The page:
This is an unusual example, because there isn’t a lot of on-screen villainy–which makes it an excellent example. Similar to Harbinger, Stalag 17’s informant becomes a sinister and compelling figure from the shadows. And just like any story with a mystery¬†around its villain’s identity, the truth forever changes the way you view the rest of the movie.

And for me, it changed the way I hear a song.

There’s a Civil War song called “When Johnny Comes Marching Home.” It’s not as big as some of the other patriotic tunes, but you might have heard it. The basic idea is that the soldiers are coming home, so let’s celebrate! It’s upbeat, optimistic, and all around cheerful.

So why does it give me chills? Because it plays during the scene in Stalag 17 where the informant is revealed to the audience. I often prefer when the audience and protagonist find out the villain’s identity at the same time, but Stalag 17 is an example of how it can work to show the audience first.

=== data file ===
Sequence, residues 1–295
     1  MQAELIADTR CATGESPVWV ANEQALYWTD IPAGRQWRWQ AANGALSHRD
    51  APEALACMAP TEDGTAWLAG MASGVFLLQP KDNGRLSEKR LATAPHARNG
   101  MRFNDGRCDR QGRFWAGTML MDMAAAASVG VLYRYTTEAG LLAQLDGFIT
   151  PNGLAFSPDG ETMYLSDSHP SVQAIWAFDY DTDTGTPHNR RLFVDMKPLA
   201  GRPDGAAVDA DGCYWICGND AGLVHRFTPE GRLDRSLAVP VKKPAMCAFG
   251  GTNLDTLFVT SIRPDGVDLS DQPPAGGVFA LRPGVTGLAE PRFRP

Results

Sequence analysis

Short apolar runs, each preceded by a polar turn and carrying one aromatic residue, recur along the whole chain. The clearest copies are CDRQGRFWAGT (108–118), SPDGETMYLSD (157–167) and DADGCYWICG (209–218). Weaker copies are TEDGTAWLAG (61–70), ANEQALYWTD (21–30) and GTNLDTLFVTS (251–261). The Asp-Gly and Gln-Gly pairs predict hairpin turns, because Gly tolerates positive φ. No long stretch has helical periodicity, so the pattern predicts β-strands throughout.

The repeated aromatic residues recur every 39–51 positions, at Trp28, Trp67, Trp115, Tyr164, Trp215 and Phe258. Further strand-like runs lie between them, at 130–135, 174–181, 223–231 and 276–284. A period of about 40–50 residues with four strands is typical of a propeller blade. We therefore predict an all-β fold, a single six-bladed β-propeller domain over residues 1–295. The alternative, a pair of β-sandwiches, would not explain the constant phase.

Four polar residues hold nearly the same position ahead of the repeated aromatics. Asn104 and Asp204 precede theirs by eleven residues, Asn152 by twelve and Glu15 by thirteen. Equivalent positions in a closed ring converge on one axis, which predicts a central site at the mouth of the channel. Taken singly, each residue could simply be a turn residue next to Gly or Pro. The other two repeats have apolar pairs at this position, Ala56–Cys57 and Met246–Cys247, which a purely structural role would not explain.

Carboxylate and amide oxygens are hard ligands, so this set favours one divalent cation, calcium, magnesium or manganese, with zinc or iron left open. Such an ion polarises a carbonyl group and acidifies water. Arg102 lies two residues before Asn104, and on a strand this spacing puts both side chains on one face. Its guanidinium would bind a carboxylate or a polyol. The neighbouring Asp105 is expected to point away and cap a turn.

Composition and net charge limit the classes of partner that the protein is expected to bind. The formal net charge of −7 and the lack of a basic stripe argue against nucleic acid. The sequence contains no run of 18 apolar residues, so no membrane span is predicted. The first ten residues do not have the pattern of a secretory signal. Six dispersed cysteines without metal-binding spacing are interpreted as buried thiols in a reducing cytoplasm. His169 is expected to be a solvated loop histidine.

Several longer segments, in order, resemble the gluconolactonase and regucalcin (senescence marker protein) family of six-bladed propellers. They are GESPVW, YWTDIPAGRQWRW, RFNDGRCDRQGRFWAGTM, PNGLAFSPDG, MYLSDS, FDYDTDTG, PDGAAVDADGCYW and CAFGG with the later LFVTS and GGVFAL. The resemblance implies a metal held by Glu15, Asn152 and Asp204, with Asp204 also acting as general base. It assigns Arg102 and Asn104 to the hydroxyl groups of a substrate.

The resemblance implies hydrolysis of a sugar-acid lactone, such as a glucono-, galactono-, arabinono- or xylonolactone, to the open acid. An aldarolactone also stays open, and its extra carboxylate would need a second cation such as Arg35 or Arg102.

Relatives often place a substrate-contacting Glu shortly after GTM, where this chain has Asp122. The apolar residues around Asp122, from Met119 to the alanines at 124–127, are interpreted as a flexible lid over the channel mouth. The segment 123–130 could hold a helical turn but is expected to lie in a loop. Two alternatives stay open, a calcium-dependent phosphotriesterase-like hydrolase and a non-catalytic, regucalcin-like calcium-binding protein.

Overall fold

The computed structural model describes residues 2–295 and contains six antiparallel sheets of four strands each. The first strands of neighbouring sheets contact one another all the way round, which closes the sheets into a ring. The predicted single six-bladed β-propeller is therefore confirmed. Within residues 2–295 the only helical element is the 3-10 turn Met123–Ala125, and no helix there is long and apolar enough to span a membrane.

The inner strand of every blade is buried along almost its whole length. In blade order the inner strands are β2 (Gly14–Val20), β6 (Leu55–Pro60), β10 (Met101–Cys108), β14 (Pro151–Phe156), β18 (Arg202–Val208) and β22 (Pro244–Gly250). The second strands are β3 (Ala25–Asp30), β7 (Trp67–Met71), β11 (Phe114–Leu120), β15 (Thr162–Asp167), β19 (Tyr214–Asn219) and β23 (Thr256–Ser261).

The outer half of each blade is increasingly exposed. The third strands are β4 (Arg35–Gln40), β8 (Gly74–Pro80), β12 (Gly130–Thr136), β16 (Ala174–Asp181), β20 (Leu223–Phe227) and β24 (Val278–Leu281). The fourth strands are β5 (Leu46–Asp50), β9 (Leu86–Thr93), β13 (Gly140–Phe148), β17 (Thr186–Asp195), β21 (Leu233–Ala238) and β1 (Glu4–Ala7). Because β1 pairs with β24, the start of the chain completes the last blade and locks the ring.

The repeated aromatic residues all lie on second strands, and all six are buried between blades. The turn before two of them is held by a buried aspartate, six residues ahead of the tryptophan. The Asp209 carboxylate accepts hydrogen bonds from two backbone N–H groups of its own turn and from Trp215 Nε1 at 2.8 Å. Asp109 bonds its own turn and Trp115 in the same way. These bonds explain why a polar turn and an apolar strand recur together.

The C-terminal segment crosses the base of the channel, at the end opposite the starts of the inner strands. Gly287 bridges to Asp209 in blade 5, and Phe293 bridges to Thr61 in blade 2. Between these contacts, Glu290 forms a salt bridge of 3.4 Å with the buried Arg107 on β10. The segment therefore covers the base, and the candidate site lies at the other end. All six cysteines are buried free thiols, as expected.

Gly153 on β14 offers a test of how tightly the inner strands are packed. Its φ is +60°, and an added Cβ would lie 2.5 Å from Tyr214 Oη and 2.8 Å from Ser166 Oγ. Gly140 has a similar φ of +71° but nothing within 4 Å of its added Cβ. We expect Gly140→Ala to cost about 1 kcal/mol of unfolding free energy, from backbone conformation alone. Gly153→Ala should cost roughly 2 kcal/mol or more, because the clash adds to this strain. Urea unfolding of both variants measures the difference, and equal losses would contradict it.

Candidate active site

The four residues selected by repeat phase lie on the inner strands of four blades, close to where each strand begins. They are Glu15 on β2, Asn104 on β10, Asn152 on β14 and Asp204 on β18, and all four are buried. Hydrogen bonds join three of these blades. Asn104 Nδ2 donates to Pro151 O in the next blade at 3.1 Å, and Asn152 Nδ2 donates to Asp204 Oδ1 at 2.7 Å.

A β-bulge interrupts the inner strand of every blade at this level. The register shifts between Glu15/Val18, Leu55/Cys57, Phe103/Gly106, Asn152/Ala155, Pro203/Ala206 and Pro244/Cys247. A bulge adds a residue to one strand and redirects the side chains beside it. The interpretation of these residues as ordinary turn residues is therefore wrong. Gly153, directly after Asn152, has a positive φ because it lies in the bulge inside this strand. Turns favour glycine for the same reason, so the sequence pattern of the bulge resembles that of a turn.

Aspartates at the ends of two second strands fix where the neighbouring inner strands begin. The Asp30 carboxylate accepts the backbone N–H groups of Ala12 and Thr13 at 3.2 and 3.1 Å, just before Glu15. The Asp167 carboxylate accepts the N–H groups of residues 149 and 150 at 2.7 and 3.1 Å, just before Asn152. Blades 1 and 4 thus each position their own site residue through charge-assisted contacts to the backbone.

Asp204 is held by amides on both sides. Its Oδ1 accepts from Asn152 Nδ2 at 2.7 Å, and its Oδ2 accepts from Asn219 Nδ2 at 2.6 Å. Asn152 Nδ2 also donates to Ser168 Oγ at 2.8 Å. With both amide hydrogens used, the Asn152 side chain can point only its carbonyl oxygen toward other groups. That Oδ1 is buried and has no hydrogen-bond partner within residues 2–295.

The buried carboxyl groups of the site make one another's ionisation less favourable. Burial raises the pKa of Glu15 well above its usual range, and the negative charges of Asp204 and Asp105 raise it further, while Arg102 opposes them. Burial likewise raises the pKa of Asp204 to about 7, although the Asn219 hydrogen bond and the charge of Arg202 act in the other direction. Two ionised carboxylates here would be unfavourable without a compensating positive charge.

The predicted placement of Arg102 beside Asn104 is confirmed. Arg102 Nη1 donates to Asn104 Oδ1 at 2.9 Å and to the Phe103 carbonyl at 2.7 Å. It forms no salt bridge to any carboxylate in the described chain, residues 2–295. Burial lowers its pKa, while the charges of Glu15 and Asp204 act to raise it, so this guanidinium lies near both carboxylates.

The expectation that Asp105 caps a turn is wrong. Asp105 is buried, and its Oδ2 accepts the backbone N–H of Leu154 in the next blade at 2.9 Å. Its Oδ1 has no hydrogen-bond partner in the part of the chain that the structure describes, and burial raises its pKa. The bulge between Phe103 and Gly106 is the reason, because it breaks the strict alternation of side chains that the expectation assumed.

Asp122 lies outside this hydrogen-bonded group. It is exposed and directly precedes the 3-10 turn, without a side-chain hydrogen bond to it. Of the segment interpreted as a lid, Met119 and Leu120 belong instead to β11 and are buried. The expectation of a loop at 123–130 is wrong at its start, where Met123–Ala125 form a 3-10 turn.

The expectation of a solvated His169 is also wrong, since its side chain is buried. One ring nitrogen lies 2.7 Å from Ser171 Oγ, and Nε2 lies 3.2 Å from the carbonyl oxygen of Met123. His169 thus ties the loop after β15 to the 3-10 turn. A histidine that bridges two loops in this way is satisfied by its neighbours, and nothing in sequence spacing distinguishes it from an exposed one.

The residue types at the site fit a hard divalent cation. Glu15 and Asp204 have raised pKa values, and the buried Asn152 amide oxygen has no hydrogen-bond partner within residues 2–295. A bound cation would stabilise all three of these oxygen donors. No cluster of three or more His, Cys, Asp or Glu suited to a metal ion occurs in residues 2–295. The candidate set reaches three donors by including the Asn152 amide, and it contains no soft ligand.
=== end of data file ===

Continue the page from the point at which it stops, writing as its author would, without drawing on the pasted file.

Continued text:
If you’re unfamiliar with the term, a Stalag is a German POW camp. The movie is set during WW2, and opens with two prisoners trying to escape Stalag 17, only to be shot by guards waiting for them. The remaining prisoners know someone among them must have told the Nazis about the escape plan. Their suspicion falls on a prisoner named Sefton, because he’s a jerk. (I don’t like Sefton, okay?) He starts the movie by making a bet that the escapees won’t get very far, and he openly trades with the Nazis. He’s the obvious suspect–but who is the informant really?

The following video shows the informant using the secret communication method he has with the Nazis, so if you don’t want to see spoilers for Stalag 17, don’t watch this clip.

Click for spoiler

By the way, even though he’s actually a Nazi, not a real prisoner, I’ll still call him a traitor. He’s betraying people he’s lived alongside and pretended to be friends with. I once got into a debate over whether or not he’s really a “villain,” since he’s just doing what’s right for his side. Yeah, he’s a bad guy. We see no sign of any moral struggle at all in him. I’m a big fan of sympathetic villains, and this guy is absolutely not one.